Midnapore, Jan. 18: The people here are praying that the bitter cold subsides, but the district administration is hoping otherwise. Officials want the cold spell to continue so that the mosquitoes that spread malignant malaria cannot breed.
“If the temperature remains below 10°C for another fortnight, the people living in the Belpahari area might not have to suffer from the sometimes-fatal disease this time around. The insects are finding it too cold to breed,” said chief medical officer Mangobinda Mondal.
“Mosquitoes breed at temperatures above 15°C and every insect has a life span of 10 to 12 days. If the present sub-10°C weather continues, not only will the mosquitoes fail to breed, a large number will be destroyed before the end of their life span. We are hoping the disease will spread far less this year,” Mondal added.
Quoting medical reports and a survey on malaria, Mondal said 98 per cent of the victims in five panchayat areas are stricken with the malignant parasite, plasmodium falciparum. “About 7,000 people are carrying the parasite and many among them are unaware as they do not get the fever.”
These carriers are a matter of grave concern as the malignant parasite can be transferred to others by mosquito bites. Officials hope the drop in the number of mosquitoes due to the cold will help them check the spread of the disease this year and provide a break from the annual nightmare.
Vector control efforts by the health department in areas like Kankrajhore, Odolchua, Banspahari, Pachapani and Chakdoba have yielded little result. Activities like random blood sampling and administering special antidote doses to the affected people have not helped much.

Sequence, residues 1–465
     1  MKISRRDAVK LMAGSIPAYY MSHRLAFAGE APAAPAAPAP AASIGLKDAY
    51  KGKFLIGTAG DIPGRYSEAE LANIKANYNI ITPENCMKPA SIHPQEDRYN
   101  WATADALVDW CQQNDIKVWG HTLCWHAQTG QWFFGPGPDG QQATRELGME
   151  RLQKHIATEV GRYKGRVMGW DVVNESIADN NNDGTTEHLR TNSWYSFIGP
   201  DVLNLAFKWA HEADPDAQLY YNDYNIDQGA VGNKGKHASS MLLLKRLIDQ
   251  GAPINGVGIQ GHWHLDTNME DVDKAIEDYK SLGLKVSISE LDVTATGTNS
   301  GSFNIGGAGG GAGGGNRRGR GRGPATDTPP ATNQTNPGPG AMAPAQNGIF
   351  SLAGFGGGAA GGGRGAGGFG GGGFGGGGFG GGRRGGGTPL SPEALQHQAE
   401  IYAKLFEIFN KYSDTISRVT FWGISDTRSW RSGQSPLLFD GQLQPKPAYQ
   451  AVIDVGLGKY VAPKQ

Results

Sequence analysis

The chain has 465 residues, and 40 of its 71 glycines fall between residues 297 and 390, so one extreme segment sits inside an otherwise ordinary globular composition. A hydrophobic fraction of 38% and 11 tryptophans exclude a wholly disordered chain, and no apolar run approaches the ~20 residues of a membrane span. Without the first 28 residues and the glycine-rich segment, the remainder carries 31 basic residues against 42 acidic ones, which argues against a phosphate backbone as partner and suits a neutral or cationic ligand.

The health officials conceded that since the district was cleaved into two, the number of cases recorded in truncated West Midnapore has snowballed to figures larger than that for undivided Midnapore.
Till November 2002, the number of malignant malaria carriers recorded stood at 1,364, of which 1,347 cases were detected in Belpahari. The figure in 2000 was 575 for the undivided district and 420 for Belpahari.
The number of malaria patients has spiralled as steps like cooperating with the adjacent Bankura district, where, too, the disease is a killer, have not been carried out properly as was the decision to distribute medicated mosquito nets.
“It is virtually impossible to carry out any kind of vector-control exercise in Belpahari, which is densely forested and very remote. Moreover, we have failed to convince the people there to use mosquito nets. Even the few medicated nets we distributed in these villages have not been put to use as villagers say they feel claustrophobic sleeping under them,” the chief medical officer pointed out.
He has found an unlikely ally in the battle against malaria in the cold this year. For the past five years, the winter was brief and mild, he complained.